How Exactly Do Search Engines Work?
Posted by Meredith B on 14 September 2020 09:49 am
We know we open an internet search page, type in what we’re looking for, and hope we get what we’re looking for. But what is actually going on? Many consumers don’t actually know how search engines work. And even more just click on the first thing that pops up, which is usually an ad.
When you type a query into a search engine, all relevant pages are identified and given to you in a set of search engine results. This relevant data is driven by more than what you just typed in, other information is used such as:
The websites that are being returned to you are also determined by Google algorithms which can be made up by all kinds of different factors. These factors can include:
How search engines work should matter to you, because you’re trying to reach consumers and rank higher on search engine results pages. You need to be creating content for users, not search engines like Google or Bing, because ultimately, users drive exactly how search engines work!
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5 Ways to Handle Online Reviews to Win Customers
Posted by Didier Bizimungu on 10 March 2017 12:04 pm
Why do online reviews matter?
You already know that online reviews are feedback left by past customers on websites, but why should you even pay attention to them? There are hundreds of reasons why online reviews make a powerful online marketing tool. Most important of all is customer relationship management. Client satisfaction is the cornerstone of the success of any business venture regardless of its size.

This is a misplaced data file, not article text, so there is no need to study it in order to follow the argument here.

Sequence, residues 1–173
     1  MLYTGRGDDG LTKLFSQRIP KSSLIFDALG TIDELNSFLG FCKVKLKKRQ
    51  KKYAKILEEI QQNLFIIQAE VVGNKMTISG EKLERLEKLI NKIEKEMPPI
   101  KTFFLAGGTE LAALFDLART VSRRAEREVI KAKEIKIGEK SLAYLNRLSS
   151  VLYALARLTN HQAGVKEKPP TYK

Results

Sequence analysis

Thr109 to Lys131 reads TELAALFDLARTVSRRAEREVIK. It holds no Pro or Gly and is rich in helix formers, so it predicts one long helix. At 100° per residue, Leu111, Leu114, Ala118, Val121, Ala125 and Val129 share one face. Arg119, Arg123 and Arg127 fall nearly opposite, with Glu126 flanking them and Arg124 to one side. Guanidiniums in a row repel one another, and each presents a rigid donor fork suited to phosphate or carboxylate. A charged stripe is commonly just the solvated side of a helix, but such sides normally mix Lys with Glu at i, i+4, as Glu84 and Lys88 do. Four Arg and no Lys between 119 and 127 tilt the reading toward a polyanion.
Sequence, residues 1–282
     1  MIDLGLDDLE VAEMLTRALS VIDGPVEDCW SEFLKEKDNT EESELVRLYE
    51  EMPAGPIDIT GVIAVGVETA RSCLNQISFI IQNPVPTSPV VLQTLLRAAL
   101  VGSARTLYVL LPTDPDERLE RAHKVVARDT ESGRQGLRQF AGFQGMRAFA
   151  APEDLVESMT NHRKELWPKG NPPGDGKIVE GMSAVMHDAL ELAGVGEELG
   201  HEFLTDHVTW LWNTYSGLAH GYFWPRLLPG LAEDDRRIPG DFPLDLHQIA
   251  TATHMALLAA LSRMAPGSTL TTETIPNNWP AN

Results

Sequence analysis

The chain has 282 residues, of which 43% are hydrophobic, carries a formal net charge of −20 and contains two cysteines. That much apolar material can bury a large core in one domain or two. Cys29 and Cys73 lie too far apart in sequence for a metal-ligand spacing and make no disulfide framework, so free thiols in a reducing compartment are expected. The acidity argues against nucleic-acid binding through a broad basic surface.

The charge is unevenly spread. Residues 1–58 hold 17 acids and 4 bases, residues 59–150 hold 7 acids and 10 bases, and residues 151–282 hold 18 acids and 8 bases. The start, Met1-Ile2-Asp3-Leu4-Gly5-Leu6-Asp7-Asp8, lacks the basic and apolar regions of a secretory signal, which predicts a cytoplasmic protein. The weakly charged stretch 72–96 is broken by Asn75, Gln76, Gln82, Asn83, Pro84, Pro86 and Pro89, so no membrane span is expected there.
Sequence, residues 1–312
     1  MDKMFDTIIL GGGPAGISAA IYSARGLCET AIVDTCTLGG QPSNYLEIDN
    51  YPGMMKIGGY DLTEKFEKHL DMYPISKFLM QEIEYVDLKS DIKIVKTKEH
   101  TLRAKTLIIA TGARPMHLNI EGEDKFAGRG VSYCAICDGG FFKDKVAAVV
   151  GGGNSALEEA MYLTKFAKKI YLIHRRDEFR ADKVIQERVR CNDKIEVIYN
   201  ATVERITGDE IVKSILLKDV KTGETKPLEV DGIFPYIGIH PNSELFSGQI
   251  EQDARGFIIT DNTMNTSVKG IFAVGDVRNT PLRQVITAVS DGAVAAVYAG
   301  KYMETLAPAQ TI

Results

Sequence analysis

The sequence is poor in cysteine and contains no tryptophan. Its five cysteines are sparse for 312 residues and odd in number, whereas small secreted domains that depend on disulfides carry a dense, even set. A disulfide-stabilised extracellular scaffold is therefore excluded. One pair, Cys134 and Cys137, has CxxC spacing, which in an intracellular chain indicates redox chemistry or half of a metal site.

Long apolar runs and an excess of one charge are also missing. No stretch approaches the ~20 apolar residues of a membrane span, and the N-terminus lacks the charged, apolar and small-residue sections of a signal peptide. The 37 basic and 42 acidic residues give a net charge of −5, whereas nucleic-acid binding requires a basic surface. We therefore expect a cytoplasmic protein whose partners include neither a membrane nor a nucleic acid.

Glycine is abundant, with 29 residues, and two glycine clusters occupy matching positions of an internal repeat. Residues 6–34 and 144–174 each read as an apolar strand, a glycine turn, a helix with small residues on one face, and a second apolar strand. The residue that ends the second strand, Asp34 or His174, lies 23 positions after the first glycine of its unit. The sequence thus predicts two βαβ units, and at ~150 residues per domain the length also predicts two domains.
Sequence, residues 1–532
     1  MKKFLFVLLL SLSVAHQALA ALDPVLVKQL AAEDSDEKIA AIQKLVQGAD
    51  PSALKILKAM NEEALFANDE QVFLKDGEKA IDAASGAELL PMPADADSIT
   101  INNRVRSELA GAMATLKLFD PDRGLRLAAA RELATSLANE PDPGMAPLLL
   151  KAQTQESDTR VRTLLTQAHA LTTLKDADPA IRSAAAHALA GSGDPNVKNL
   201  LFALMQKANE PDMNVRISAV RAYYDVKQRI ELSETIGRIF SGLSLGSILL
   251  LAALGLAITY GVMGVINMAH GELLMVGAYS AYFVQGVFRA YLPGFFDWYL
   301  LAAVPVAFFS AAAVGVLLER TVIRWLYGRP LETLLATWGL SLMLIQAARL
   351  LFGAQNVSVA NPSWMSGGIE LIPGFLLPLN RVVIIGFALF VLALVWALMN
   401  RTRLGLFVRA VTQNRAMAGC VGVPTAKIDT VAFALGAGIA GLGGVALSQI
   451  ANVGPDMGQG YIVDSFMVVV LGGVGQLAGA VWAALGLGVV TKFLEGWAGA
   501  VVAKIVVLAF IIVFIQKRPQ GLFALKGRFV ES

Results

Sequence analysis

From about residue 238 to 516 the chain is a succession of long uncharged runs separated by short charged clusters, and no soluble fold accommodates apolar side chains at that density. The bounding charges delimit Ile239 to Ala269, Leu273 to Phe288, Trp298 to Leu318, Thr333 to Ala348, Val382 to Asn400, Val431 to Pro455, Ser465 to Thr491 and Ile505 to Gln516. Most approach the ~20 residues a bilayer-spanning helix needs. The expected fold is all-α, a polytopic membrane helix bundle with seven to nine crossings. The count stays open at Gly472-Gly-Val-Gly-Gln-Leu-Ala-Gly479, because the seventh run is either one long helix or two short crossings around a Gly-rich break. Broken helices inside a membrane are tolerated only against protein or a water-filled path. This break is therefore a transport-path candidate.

Before online reviews there were testimonials, an affidavit of a business’s quality of service. In today’s fast paced internet world most people (91%) regularly or occasionally read online reviews. Online reviews have become the new word-of-mouth communication tool for customers among each other.
Search engines that cater to these very same customers have noticed how much emphasis users place on reviews. Therefore, they have enacted algorithm changes to the way they present search results to favor better reviewed websites. Online reviews are invaluable to Search Engine Optimization, especially to small businesses.
Top 5 best online review websites
If you are a small local business, like Webtivity!, you don’t have a huge amount of resources to begin with. Let your friendly local web design marketing company make mastering your online reviews game a whole lot easier. Here is a list of the top five online review websites you should be focusing most of your efforts on:
How can I ask customers to leave online reviews?
You understand how important online reviews are to your local business’s success, but how do you get or encourage clients to leave those reviews? There are several ways to encourage clients to leave reviews.